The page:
TR06-053 Authors: Eldar Fischer, Orly Yahalom

Publication: 22nd April 2006 09:06

Downloads: 3014

Keywords:

A coloring of a graph is {\it convex} if it

induces a partition of the vertices into connected subgraphs.

Besides being an interesting property from a theoretical point of

view, tests for convexity have applications in various areas

involving large graphs. Our results concern the important subcase

of testing for convexity in trees. This problem is linked with the

study of phylogenetic trees, which are central in genetic

research, and are used in linguistics and other areas. We give a

1-sided, non-adaptive, distribution-free $\epsilon$-test for the

convexity of tree colorings. The query complexity of our test is

$O\left(\frac{k}{\epsilon}\right)$, where $k$ is the number of

colors, and the additional computational complexity is $O(n)$. On

the other hand, we prove a lower bound of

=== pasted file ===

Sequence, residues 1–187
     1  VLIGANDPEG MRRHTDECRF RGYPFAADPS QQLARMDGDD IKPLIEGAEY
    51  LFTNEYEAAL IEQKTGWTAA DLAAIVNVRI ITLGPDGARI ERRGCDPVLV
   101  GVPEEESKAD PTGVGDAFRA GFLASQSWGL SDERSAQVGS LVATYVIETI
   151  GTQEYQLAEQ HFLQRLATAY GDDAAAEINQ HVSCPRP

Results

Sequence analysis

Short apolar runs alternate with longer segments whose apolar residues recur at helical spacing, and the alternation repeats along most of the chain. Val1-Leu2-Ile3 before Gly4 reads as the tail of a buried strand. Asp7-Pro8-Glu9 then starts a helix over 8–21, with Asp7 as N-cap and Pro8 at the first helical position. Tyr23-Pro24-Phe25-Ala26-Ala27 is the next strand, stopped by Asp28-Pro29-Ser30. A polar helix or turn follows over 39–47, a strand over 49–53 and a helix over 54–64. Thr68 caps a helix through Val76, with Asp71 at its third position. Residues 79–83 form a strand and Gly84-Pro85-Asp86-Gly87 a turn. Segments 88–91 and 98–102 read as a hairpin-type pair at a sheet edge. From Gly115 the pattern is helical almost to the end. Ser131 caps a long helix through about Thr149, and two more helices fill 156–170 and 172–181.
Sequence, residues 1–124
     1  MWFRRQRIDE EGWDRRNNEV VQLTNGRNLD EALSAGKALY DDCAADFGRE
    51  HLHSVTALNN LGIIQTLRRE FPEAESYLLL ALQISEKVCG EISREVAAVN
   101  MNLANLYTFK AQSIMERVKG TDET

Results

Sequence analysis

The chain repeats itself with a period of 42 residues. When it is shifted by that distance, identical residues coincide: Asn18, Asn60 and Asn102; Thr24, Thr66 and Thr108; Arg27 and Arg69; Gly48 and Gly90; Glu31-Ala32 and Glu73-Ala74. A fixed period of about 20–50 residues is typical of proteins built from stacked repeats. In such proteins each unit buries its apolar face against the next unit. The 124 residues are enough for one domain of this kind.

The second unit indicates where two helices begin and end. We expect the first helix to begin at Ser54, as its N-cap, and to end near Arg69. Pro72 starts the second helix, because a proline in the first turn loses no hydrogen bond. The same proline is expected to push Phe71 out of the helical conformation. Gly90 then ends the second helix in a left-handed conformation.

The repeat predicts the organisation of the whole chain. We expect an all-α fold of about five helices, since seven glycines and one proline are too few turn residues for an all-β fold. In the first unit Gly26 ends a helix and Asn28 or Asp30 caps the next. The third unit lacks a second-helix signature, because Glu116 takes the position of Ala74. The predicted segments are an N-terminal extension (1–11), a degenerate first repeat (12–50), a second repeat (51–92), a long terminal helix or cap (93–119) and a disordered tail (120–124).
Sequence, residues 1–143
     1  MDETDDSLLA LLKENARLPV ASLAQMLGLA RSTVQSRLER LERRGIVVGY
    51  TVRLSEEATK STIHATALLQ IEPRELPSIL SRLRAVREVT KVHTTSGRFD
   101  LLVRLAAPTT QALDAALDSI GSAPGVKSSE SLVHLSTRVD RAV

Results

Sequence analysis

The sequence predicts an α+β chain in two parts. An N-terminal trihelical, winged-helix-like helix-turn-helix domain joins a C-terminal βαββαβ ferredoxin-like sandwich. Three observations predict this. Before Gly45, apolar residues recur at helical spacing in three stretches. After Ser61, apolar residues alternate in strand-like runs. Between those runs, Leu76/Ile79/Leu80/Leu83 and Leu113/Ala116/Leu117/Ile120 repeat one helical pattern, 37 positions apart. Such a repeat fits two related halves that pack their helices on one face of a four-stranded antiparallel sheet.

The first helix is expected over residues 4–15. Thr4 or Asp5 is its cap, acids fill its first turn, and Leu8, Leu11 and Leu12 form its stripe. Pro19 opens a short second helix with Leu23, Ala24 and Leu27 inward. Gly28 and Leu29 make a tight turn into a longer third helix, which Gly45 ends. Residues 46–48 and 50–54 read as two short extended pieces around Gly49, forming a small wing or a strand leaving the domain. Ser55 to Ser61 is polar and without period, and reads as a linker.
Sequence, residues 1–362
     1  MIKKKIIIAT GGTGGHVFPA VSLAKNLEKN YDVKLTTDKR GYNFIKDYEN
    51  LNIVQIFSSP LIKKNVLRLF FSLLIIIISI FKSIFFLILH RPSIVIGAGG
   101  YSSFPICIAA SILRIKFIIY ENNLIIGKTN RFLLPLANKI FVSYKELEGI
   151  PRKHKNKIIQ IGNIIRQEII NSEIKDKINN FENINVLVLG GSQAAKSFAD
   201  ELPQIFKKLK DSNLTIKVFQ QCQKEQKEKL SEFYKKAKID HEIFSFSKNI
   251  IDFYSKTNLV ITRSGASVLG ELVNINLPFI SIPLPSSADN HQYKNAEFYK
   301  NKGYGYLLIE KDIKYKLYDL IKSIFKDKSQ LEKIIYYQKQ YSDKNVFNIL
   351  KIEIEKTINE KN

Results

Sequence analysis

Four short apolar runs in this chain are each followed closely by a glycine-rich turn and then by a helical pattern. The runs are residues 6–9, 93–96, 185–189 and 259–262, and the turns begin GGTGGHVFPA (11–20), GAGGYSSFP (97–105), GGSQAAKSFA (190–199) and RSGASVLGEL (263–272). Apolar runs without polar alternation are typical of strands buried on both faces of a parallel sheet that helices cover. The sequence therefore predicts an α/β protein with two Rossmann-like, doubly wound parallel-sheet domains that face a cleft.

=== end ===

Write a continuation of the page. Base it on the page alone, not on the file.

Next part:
$\Omega\left(\frac{\sqrt{k}}{\sqrt{\epsilon}}\right)$ on the query

complexity of tests for convexity in the standard model, which

applies even for (unweighted) paths. We also consider whether the

dependency on $k$ can be reduced in some cases, and provide an

alternative testing algorithm for the case of paths. Then we

investigate a variant of convexity, namely {\it quasi-convexity},

in which all but one of the colors are required to induce

connected components. For this problem we provide a 1-sided,

non-adaptive $\epsilon$-test with query complexity

$O\left(\frac{k}{\epsilon^2}\right)$. Finally, we show how to test

for the convexity and quasi-convexity where the maximum number of

connectivity classes of each color is allowed to be a constant

value other than 1.